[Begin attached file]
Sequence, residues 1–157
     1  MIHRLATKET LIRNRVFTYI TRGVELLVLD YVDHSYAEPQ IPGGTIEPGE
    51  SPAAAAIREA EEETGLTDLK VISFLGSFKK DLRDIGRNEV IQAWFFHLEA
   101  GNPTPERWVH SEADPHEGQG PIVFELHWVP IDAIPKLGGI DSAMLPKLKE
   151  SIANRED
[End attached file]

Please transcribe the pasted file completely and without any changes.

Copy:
Sequence, residues 1–157
     1  MIHRLATKET LIRNRVFTYI TRGVELLVLD YVDHSYAEPQ IPGGTIEPGE
    51  SPAAAAIREA EEETGLTDLK VISFLGSFKK DLRDIGRNEV IQAWFFHLEA
   101  GNPTPERWVH SEADPHEGQG PIVFELHWVP IDAIPKLGGI DSAMLPKLKE
   151  SIANRED